Minister urges new National Medical Stores board on transparency



Health minister Jane Aceng has urged the new National Medical Stores (NMS) board to strengthen information sharing, especially on distribution of medicines to health facilities in the country.
Speaking at the inauguration of the board in Kampala yesterday, Dr Aceng said keeping the public aware of the body’s activities will go a long way in addressing issues such as drugs being stocked and yet (they) not claimed by the public.
“The population wants to know when medicines are supplied to the facilities and therefore need to strengthen the procedure,” she said.
Dr Aceng said there needs to be close collaboration between NMS and district officials who demand.
“Whatever is planned for should be based on statistics and with seasonal variation, there should be sharing of information to avoid getting expired drugs in our (health) facilities,” Dr Aceng said.

The new NMS board led by Dr Jotham Musinguzi was approved early this month following the expiry of the tenure of the previous board led by Dr Phillip Byarugaba.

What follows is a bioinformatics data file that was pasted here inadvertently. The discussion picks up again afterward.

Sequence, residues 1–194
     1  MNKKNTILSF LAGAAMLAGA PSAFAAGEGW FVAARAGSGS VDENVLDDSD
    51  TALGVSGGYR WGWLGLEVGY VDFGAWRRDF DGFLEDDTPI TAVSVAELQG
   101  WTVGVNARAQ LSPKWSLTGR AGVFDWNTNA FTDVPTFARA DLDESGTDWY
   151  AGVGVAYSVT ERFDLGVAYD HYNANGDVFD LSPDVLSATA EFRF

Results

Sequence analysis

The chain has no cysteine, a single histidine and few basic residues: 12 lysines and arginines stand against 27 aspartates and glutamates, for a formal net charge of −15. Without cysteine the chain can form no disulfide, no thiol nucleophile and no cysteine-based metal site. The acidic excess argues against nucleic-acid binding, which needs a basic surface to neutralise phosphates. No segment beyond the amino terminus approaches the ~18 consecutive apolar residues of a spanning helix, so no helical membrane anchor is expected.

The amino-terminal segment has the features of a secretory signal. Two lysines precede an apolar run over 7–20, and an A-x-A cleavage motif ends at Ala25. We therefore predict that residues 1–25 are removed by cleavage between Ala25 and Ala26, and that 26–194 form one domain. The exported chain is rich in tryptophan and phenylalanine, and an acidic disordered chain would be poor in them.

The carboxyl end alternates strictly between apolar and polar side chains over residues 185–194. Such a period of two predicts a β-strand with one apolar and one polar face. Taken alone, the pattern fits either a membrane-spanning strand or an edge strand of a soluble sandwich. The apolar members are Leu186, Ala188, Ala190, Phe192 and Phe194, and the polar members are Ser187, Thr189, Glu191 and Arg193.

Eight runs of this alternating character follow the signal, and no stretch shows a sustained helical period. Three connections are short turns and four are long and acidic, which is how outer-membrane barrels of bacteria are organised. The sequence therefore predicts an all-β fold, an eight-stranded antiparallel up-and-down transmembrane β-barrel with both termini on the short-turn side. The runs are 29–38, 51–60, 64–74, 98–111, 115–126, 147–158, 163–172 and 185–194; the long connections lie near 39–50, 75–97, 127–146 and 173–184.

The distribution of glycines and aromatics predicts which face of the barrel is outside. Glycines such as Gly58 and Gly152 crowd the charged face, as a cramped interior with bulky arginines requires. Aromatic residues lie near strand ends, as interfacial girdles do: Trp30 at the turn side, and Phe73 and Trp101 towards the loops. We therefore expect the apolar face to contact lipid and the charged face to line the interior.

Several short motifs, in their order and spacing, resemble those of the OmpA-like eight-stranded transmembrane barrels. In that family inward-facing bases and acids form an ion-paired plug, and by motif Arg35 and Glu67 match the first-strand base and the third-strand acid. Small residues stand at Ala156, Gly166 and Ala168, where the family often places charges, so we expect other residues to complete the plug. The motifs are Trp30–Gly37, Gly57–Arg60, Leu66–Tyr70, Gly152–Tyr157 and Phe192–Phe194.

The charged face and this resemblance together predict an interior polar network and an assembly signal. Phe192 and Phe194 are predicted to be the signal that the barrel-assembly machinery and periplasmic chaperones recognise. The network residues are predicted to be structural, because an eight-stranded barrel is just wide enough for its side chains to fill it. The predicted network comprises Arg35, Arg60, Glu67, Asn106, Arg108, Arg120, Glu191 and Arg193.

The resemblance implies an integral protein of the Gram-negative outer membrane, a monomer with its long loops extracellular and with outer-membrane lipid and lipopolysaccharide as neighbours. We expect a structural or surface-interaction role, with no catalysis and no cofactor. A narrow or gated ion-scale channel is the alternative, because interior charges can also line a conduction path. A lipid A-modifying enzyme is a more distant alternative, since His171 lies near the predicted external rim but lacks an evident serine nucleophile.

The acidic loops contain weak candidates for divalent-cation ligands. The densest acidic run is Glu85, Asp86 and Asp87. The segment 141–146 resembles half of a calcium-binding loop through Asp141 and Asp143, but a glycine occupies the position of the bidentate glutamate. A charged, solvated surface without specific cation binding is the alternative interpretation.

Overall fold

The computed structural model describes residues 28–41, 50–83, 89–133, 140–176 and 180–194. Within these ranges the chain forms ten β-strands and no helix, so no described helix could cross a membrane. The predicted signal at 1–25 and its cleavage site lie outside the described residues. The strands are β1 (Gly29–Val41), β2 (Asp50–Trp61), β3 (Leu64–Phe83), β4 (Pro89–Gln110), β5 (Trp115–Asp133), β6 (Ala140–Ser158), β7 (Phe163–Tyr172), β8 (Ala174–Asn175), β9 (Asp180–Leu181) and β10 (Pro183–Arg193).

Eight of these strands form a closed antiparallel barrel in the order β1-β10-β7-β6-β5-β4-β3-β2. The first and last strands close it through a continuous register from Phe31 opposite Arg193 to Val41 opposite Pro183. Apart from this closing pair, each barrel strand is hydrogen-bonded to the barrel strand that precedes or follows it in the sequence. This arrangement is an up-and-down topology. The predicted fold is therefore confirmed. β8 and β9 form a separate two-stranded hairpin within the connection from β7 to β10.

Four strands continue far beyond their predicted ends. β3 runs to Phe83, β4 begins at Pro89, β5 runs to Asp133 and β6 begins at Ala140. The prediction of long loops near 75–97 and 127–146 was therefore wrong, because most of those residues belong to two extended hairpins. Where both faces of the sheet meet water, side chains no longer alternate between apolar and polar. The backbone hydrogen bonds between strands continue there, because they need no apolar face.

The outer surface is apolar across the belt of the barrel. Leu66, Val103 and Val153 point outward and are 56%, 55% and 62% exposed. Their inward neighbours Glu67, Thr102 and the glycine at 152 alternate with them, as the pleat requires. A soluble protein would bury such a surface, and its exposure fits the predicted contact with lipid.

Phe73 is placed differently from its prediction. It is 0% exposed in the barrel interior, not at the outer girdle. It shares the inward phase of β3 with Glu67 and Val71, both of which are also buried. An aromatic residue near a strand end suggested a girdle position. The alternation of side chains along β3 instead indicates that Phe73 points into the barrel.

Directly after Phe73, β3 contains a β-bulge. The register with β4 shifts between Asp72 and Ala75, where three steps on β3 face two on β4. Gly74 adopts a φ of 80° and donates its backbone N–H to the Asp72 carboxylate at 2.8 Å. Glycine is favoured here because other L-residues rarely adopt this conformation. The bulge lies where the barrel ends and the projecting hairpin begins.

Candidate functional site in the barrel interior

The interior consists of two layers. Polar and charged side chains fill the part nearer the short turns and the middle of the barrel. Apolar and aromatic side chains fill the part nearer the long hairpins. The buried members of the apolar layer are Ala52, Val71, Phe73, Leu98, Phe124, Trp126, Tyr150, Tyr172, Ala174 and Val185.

The other members of the new board include Mr Laban Mbulamuko, Mr Kenneth Omoding, Ms Kate Nalukenge, Ms Naome Kibaaju, Dr Christine Ondoa, Mr Richard Mugahi and Mr Emmanuel Osuna.
Others are Ms Beatrice Lagada, Mr Shaban Abdullah and Dr Timothy Musila.
Dr Jotham Musinguzi said they would channel their efforts to prevention of the communicable diseases so as to reduce the NMS budget since these diseases are preventable. The new board has also pledged to sort out the problem of expired drugs.

Customer care
The NMS also flagged off seven customer care vehicles worth about Shs840m that are to be distributed to Gulu, Mbale, Soroti, Hoima, Kabarole, Mbarara, and Kampala in order to take services closer to the people.
The NMS General Manager, Mr Moses Kamabare, rubbished claims by the Uganda Cancer Institute (UCI), that the drug distribution body inflate prices of cancer drugs.
“In all cases, UCI always demanded that NMS should procure medicines of a high quality standard, specifically USFDA (U.S. Food and Drug Administration) or equivalent standard …thus by UCI asking for USFDA medicines or equivalent , they were in effect demanding for ‘highly priced’ medicines,” Mr Kamabare said.

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